By Dan Moren
July 31, 2016 1:09 PM PT
By Request: Upgrade path
Subscriber Nathan writes: How do you decide when to buy new/replacement tech? How do you decide which models/upgrades are worth/not worth paying for?
Ah, the dilemma of every tech nerd: what do you buy and when do you buy it?
Let me start with some caveats: As somone who writes about technology, I buy a lot more gadgets and upgrade more frequently than anybody probably needs to. In the same way that I take a flying leap into the pool of beta software, I generally upgrade my tech frequently because it helps to be able to write about things.
That said, my perspective on this has changed a bit over the years. Before my career in tech writing, it was all about budget and how long I could squeeze use out of my equipment. I had a history of being one of those people who bought Macs about two weeks before the new model came out. Then again, back then Macs were about the only thing I had to worry about. These days, there’s so much more technology that it can be a little overwhelming.
At Macworld, I had the advantage of usually having the company pay for my devices, since it was a necessity to do my job. That wasn’t always the case—sometimes I paid for part or all of a device—but it definitely freed me up to worry less about budgetary concerns, though it was more important to stay on the cutting edge and remain relevant.
In my freelance career, I’ve become a bit more circumspect. I still need to keep my devices current in order to write about them, but I have to balance that with tracking my own income, figuring out the tax implications of those purchases, and so on. I also end up looking for deals and discounts a lot more, such as sales and refurbished models.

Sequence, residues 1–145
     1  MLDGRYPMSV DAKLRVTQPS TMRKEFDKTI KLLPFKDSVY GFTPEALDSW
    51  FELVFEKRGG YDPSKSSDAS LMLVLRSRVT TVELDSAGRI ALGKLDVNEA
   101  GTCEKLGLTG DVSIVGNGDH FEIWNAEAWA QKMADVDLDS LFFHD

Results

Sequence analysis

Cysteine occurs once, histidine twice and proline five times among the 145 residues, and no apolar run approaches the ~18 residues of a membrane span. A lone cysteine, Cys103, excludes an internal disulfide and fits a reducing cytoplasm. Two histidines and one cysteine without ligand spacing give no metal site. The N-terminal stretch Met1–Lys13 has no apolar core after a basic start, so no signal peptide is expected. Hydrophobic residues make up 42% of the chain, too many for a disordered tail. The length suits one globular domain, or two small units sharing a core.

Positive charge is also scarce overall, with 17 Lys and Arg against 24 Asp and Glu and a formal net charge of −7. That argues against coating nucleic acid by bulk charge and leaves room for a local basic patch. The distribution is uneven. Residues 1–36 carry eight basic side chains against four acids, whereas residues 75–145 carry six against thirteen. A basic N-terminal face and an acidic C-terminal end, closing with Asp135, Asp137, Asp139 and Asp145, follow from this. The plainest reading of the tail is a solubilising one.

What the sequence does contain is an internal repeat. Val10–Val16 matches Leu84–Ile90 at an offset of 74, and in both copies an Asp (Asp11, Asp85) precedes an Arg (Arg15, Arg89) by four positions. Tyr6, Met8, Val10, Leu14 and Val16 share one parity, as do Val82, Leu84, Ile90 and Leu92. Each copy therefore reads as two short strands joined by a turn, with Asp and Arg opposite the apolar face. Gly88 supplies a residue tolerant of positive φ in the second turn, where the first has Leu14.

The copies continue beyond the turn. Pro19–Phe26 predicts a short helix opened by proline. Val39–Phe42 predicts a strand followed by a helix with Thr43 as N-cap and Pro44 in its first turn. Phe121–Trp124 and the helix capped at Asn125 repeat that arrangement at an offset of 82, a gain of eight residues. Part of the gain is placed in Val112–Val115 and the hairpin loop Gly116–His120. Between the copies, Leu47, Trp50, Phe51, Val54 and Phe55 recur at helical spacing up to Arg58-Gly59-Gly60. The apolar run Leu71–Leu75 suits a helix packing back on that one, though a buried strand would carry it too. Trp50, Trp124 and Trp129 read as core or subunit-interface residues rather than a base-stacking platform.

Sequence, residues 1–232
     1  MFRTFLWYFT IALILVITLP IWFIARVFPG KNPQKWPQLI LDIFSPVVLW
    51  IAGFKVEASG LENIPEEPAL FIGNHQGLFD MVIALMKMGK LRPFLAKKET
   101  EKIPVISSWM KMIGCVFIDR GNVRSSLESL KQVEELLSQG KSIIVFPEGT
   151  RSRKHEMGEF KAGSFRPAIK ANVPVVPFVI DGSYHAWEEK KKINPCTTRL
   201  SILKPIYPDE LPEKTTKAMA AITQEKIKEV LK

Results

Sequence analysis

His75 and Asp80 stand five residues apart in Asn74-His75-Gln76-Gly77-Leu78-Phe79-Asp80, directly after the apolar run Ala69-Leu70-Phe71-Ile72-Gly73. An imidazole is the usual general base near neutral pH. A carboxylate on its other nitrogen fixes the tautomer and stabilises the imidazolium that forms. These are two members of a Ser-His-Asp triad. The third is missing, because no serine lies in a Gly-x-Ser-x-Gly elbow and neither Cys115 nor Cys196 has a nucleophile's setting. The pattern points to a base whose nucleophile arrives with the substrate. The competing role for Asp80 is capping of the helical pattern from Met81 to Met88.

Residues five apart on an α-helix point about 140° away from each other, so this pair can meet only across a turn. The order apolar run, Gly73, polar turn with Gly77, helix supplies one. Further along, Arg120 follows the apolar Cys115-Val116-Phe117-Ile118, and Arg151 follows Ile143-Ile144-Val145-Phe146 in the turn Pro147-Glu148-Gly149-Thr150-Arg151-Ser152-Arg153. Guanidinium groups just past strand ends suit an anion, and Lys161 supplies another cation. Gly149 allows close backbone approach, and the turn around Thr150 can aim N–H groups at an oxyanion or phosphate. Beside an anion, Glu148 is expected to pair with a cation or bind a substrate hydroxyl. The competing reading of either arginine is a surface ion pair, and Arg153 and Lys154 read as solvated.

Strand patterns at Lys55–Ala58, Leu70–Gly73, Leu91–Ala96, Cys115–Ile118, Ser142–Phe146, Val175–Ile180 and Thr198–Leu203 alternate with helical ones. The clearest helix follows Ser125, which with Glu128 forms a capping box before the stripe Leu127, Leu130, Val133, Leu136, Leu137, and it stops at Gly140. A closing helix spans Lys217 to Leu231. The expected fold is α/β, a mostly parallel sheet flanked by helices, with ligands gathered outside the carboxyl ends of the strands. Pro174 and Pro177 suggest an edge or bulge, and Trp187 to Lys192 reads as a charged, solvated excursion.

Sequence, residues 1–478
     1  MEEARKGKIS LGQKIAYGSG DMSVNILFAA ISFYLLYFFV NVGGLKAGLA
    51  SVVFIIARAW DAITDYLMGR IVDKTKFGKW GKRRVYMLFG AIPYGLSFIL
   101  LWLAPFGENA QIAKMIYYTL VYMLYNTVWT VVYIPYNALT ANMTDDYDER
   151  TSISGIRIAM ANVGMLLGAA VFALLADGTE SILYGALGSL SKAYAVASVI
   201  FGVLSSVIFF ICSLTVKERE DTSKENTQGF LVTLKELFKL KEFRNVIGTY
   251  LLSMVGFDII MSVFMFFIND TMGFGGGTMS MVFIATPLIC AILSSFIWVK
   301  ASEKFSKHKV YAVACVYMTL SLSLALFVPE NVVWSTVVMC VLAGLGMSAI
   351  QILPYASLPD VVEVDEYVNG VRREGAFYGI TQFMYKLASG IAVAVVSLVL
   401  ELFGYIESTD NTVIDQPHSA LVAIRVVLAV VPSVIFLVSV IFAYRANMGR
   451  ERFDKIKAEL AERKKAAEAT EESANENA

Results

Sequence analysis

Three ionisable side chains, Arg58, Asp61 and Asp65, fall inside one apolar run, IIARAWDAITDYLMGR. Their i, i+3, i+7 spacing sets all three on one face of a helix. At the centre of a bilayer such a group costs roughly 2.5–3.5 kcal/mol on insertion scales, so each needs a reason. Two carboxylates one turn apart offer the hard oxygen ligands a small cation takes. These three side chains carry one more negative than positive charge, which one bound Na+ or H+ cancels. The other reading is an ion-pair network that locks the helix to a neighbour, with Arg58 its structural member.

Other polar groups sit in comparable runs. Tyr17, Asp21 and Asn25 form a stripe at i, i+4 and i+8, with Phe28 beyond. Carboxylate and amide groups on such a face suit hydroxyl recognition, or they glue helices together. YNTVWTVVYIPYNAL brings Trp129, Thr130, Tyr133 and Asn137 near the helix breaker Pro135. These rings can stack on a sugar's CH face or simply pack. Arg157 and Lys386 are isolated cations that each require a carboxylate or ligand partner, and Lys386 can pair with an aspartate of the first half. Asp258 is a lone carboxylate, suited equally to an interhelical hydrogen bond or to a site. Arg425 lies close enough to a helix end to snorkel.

So, all of that said, let’s break this down by devices, since each has their own use case and upgrade schedule.
Mac: I currently have three Macs: a mid-2011 21.5” iMac, a late-2012 Mac mini, and an early 2014 11” MacBook Air. As you can probably tell from that, my Macs are hardly the latest and greatest—not a Retina display among them, for example. In most cases, I haven’t felt terribly left behind; all of them work pretty well, and I’ve done some upgrades where possible to eke a little more performance out of them. Macs are big expenses, but they are also a more mature product line that’s not seeing radical improvements in each cycle; currently, all my Macs do what I need them to do. Could they do those tasks faster and more efficiently? Sure, but that’s hardly a quantum leap in functionality that’s leaving me behind.
However, that doesn’t mean there aren’t functionality gaps. My iMac is too old to support Handoff and attendant technologies, so I can’t, for example, take advantage of AirDrop or use the upcoming Apple Watch Auto Unlock feature. While that doesn’t mean I’ll immediately run out and buy a new iMac, it does mean that it will probably be the next in line for an upgrade. Eventually. (At five years old, I suspect that I can get at least a couple more years out of it yet.)